We visited Vimy last June and I have included some pictures of what it looks like now. It is peaceful, green and eerily beautiful. How they could advance against the well entrenched enemy is beyond me. I checked with an historian there and he confirmed that “C” Company was the first to reach their objective.
Uncle Mac went on to more heroic deeds. He ended up being Canada’s most decorated WW1 foot soldier. He was awarded the Distinguished Conduct Medal, the Military Cross with Bar, and the Victoria Cross (our nation’s highest award).
I have a hard time relating the quiet, soft spoken man I knew with the man revealed in his war record. In fact, I didn’t know much of his war history until I started doing Family History.
Canada’s success at Vimy is often credited with our country coming of age and taking its place as an independent nation. Uncle Mac played an important role in it.
There is much more about him and the battle on the internet and I have a file on him.
The pictures are of the battlefield (seen below), the modern concrete version of one of the trenches, and one of the allies tunnels. Since the ridge battle lines were stable for a couple of years, both sides built tunnels. The tunnel was right where “C” Division prepared to go out and over the top of the trenches.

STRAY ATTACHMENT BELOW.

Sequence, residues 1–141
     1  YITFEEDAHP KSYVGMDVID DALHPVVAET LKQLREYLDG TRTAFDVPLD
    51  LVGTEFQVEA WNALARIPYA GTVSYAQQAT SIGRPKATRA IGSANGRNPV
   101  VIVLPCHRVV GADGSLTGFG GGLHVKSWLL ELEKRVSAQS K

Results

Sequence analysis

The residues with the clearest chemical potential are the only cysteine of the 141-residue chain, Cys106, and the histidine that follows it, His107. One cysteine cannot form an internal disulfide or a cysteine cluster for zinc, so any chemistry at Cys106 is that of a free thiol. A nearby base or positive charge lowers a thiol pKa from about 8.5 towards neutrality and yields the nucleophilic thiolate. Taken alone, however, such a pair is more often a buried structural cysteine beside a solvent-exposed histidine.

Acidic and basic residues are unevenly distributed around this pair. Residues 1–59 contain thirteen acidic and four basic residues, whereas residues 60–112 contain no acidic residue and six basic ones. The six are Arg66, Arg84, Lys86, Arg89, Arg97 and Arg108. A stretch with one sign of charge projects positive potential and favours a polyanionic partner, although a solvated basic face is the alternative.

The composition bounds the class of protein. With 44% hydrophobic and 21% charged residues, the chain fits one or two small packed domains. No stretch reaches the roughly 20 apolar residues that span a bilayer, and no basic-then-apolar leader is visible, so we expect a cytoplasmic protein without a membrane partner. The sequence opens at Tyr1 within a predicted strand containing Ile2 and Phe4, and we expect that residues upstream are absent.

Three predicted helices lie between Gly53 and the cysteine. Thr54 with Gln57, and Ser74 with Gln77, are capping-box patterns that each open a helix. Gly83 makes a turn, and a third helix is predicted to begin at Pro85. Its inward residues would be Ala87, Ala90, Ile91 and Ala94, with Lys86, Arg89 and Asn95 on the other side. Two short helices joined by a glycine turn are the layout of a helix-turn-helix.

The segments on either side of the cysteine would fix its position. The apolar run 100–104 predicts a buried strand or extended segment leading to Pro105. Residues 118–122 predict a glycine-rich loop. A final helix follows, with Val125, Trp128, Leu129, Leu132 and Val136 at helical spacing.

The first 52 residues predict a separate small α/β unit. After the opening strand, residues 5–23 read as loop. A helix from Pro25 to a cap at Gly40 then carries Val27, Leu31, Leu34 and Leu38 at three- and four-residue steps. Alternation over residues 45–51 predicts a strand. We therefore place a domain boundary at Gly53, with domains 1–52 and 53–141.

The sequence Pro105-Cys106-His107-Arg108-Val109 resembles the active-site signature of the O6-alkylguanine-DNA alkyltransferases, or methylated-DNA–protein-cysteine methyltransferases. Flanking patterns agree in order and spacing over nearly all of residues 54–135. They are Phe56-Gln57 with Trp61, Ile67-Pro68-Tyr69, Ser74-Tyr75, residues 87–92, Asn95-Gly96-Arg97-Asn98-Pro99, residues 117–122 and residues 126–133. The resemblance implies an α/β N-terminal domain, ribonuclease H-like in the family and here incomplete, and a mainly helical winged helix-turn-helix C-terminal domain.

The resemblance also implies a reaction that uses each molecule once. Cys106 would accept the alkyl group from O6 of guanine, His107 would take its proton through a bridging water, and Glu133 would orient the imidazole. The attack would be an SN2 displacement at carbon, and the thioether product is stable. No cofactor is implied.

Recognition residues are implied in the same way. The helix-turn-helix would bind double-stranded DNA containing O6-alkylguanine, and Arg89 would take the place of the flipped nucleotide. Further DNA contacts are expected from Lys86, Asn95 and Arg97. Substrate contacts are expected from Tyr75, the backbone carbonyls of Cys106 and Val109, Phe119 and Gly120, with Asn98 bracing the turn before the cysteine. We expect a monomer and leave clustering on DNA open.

While I will be watching the ceremonies on TV. I really enjoyed walking around the imposing monument alone in the rain. I was awestruck by it’s beauty in quite contemplation.
Truly amazing what happens when you scratch the surface and look at the history of a community. I was just happy to help get this little gem of a theatre some much deserved recognition and hope it has many more years of opening nights and afternoon matinees.
See Roman I am a lover of quirky info. My curiosity is only second to my love of photography. So when Wikimedia Commons had their photograph a monument drive in September I though hey let’s look around and find what’s available.
There was nothing on the lower Sunshine Coast which is Sechelt, Gibsons and Pender Harbour, but there was in the upper Sunshine Coast ; the historic townsite of Powell River and it had not been photographed for the project for the commons.
Then Joel showed up…
Then Joel showed up. Who is Joel? He is my best friend and the guy who taught me about photography. He just moved back to Sechelt after 6 years in China.
I called Joel and said, “Want to go to photograph old building in Powell River for Wikipedia?”
In more words then less Joel said sure why not… He had not been there in years and we haven’t gone out shooting together in more then 10 years.
We arrived at the Powell River Townsite and parked at the The Old Courthouse Inn had a awesome breakfast at the Edie Rae’s Cafe. We met the owners Kelly Belanger and JP Brosseau who as it turned out were having breakfast right beside us.